How Much Progress Is Being Made on the UN’s Sustainable Development Goals?
The 2030 Agenda for Sustainable Development was adopted by all United Nations’ member states in 2015. It provides “a shared blueprint for peace and prosperity for people and the planet, now and into the future.” It’s based on 17 Sustainable Development Goals (SDGs) which the U.N. describes as an urgent call for action. It says that ending global poverty must focus on strategies that reduce inequality and spur economic growth, while also tackling climate change.
However, the Sustainable Development Goals Report 2022 paints a worrying picture of progress in almost all areas. It says that “cascading and interlinked crises are putting the 2030 Agenda for Sustainable Development in grave danger, along with humanity’s very own survival.” The impact of COVID-19, climate change and armed conflicts are affecting all the SDGs, the report says, adding that, despite signs of progress in some areas, everything from food, nutrition, health, education and the environment are being impacted.
What’s more, the cost of meeting the targets to fight such issues rose 25% to $176 trillion over the past year, reports Reuters, with performance on several measures reversing.
Here’s a breakdown of where each of the goals stands.
UN Sustainable Development Goals 2022 Report Card
1. No Poverty
The report says four years of progress reducing poverty has been erased by the COVID-19 pandemic. Rising inflation and the war in Ukraine have caused further setbacks. It’s estimated that as many as 676 million people are living in extreme poverty worldwide, almost 100 million more than the pre-pandemic projection. The U.N. says unprecedented levels of “pro-poor growth” are needed to achieve the goal of ending poverty by 2030.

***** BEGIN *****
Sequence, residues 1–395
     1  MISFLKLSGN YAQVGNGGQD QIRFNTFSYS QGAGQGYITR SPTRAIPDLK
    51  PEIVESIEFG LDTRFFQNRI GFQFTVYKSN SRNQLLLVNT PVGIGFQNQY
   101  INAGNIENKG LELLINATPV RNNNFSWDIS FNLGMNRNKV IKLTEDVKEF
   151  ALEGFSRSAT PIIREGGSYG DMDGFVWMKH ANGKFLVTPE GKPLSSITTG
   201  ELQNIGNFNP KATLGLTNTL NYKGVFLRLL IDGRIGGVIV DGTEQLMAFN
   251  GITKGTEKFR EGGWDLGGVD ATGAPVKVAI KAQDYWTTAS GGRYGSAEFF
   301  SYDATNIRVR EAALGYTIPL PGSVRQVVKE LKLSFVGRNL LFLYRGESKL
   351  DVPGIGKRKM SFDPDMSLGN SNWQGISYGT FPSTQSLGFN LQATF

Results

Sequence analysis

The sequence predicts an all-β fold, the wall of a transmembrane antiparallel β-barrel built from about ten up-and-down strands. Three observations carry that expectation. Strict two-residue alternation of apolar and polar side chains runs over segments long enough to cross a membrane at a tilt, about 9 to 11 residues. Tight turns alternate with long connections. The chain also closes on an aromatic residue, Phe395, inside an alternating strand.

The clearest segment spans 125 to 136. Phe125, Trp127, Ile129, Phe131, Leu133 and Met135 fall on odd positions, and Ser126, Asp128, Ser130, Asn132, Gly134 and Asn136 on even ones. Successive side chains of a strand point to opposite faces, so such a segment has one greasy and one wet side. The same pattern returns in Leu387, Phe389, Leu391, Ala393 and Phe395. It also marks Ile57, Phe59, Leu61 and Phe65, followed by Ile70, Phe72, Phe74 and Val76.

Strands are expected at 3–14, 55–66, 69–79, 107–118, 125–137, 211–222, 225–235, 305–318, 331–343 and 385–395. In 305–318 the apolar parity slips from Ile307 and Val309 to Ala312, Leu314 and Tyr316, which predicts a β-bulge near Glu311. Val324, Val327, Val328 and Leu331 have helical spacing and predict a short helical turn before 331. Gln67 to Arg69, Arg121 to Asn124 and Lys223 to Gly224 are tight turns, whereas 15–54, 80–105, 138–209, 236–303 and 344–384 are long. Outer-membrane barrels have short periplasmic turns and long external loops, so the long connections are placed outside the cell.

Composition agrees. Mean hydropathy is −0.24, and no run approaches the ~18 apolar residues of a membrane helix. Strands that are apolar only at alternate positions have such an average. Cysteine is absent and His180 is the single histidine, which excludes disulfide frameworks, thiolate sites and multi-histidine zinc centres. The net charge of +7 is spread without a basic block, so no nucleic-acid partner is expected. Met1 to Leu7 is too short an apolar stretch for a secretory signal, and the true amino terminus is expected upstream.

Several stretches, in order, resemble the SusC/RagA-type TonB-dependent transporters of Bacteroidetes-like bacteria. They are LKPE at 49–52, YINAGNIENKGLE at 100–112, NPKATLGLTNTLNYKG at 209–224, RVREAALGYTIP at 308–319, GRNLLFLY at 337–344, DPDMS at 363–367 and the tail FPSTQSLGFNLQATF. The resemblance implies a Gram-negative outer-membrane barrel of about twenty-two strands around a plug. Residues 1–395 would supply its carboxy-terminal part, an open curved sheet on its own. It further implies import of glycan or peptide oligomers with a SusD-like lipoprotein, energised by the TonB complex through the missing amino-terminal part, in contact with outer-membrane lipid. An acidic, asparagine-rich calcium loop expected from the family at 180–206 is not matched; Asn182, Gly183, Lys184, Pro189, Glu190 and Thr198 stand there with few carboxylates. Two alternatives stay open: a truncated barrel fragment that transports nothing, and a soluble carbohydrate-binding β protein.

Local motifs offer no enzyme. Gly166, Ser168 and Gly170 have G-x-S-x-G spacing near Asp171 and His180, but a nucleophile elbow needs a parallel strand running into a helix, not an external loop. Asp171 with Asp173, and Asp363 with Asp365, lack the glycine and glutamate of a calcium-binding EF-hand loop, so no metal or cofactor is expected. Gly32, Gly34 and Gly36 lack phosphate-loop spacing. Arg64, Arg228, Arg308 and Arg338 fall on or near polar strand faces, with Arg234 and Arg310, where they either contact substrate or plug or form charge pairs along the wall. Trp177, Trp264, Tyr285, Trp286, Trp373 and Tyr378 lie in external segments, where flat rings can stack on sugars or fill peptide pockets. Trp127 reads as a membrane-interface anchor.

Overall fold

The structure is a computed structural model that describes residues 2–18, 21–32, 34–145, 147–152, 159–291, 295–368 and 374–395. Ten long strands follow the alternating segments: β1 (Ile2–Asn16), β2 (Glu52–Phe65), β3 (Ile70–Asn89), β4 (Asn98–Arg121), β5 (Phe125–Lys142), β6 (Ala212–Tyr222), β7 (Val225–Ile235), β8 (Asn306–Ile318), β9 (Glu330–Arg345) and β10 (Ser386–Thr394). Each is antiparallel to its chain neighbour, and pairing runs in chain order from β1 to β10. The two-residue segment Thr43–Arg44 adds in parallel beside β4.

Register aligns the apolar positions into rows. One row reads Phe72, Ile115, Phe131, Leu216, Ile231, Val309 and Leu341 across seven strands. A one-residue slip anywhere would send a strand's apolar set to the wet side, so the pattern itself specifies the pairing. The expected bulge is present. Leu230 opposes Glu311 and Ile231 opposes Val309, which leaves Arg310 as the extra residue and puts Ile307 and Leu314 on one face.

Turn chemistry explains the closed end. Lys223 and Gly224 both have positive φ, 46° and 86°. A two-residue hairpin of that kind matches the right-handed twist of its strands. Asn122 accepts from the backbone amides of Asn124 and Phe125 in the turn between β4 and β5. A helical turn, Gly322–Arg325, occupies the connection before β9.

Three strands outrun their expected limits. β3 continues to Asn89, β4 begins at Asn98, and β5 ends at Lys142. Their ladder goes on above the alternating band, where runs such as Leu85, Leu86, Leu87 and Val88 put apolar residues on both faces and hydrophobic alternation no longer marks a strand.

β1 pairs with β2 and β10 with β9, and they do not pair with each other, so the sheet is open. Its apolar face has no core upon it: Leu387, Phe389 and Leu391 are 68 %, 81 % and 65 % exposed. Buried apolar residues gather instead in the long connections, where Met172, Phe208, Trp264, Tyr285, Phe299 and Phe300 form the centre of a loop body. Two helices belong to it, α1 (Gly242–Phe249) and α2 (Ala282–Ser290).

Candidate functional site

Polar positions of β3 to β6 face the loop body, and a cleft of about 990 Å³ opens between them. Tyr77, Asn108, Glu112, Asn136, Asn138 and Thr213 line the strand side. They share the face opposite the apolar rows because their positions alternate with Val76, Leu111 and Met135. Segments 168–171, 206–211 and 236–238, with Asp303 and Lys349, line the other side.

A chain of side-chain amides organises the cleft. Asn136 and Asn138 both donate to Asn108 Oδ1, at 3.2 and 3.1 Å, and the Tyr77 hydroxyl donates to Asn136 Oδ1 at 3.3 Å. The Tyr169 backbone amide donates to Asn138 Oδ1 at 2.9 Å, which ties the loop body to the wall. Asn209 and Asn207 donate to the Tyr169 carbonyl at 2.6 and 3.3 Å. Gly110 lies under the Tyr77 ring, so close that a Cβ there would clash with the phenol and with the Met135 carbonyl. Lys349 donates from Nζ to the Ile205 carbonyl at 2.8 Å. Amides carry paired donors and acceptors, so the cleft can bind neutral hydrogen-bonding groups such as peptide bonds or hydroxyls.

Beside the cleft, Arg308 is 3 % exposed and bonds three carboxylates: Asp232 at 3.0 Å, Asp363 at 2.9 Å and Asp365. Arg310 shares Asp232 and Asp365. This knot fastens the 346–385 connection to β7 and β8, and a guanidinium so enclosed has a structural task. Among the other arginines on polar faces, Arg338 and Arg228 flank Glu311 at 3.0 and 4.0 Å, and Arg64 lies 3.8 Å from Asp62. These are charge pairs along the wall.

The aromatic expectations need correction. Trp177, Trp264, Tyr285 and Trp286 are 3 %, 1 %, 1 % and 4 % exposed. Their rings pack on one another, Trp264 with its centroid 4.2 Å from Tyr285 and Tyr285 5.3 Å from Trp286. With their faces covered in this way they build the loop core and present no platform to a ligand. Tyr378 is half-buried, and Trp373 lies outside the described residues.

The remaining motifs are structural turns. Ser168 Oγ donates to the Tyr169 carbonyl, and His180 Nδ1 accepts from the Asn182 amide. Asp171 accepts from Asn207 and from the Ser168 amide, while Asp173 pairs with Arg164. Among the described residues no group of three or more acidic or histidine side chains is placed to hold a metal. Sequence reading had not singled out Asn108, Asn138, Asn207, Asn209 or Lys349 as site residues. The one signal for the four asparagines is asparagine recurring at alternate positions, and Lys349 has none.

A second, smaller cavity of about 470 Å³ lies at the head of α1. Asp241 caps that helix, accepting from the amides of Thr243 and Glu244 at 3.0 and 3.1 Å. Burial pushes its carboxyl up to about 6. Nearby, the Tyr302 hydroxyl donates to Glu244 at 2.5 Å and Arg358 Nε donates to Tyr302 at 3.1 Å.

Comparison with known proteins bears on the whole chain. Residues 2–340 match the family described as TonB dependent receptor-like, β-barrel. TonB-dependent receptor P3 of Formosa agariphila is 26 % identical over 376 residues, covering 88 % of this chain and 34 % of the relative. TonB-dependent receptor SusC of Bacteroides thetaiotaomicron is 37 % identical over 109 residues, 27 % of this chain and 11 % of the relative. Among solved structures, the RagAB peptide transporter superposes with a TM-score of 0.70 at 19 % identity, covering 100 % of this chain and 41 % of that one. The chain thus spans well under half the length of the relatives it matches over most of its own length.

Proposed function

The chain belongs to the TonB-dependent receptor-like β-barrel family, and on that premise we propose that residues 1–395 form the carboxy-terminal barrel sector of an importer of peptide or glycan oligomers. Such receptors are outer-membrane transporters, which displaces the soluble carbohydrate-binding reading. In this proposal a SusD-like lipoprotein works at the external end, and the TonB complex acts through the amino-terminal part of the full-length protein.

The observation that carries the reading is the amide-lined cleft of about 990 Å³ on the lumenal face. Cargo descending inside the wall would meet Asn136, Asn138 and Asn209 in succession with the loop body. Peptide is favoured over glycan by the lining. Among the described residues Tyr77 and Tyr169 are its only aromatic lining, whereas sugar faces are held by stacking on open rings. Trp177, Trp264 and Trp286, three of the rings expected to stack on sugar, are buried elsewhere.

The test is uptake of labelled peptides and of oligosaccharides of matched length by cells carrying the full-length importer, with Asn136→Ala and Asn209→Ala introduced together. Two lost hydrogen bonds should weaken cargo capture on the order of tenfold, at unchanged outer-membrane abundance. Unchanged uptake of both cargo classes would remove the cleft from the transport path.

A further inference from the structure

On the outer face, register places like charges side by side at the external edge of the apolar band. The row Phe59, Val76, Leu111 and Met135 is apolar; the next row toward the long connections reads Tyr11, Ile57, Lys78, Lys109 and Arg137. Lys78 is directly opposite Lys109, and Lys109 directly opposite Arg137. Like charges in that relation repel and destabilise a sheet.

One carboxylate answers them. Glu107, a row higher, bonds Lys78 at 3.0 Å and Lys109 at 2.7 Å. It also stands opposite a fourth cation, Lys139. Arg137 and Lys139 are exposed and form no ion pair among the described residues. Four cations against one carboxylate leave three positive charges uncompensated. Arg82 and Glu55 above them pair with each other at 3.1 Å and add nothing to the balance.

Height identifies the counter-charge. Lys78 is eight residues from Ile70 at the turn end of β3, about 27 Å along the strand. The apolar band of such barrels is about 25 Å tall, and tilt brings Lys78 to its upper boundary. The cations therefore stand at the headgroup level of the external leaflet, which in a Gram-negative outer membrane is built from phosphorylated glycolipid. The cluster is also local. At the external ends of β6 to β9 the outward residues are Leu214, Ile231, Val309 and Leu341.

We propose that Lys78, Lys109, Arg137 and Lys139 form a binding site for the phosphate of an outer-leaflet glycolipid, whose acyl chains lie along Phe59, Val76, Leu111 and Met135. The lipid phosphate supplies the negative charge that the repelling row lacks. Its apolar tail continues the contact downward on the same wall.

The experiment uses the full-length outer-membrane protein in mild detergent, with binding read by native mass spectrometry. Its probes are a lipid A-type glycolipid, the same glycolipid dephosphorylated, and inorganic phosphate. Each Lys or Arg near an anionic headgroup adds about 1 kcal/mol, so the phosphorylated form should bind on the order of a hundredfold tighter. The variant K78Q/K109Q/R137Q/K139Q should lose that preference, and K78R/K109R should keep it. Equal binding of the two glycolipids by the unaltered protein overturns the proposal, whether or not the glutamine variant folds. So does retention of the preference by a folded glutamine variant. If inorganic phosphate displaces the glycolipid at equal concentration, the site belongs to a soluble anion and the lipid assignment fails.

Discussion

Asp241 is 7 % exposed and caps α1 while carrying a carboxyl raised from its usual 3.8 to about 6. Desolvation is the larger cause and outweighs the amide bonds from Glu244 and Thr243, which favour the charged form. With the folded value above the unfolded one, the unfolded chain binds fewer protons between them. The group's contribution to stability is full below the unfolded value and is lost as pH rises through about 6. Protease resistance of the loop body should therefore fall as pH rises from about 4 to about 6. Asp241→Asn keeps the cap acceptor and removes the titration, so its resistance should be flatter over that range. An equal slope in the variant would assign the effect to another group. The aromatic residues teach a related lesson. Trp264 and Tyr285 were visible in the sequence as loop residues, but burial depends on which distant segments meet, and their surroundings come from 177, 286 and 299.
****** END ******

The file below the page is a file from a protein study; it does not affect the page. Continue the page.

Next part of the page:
2. Zero Hunger
The U.N. estimates as many as 828 million people may have suffered hunger in 2021. The Ukraine crisis has caused dangerous food shortages for the world’s poorest people. The report says the international community must act now to avert a crippling food emergency and the social, economic and political upheaval that could follow.
3. Good Health and Well-Being
COVID-19 is threatening decades of progress on global health. By mid-2022, half a billion people had been infected worldwide. Consequent widespread disruption to health systems has also derailed progress against preventable diseases such as HIV, TB and malaria. The report says urgent and concerted action is needed to achieve goal 3.
4. Quality Education
The pandemic has caused severe disruption to education systems. An estimated 147 million children missed over half of in-person teaching in 2020 and 2021. As a result, this generation of children could lose $17 trillion in lifetime earnings. The U.N. says governments must implement ambitious programs to recover learning losses.
5. Gender Equality
The U.N. says the world is not on track to achieve gender equality by 2030. Progress in areas like unpaid care and domestic work and reproductive health is falling behind. Violence against women remains endemic. Bold action is needed to accelerate progress through the promotion of laws, policies, budgets and institutions that promote gender equality.
6. Clean Water and Sanitation
Demand for water is rising due to rapid population growth and increasing pressure from agriculture and industry. Decades of poor management have increased water stress. At current rates, by 2030, 1.6 billion people will lack safe drinking water and 2.8 million people will be without adequate sanitation. More efforts are needed to provide these and to increase cooperation among states across transboundary waters.
7. Affordable and Clean Energy
A projected 679 million people will still be without electricity in 2030 at current rates. Slow progress towards clean cooking solutions means the health of 2.4 billion people is also at risk. Achieving energy as well as climate goals will mean a massive mobilization of public and private capital in renewable energy, especially in developing countries.
8. Decent Work and Economic Growth
Global economic revival is being hampered by new waves of COVID-19, rising inflation, supply chain disruptions, and the conflict in Ukraine. Global unemployment is predicted to remain above pre-pandemic levels until at least 2023. Ten percent of children are still engaged in child labor worldwide. Young people, women and people with disabilities will be the last to recover from the economic crisis, according to the report.
9. Industry, Innovation and Infrastructure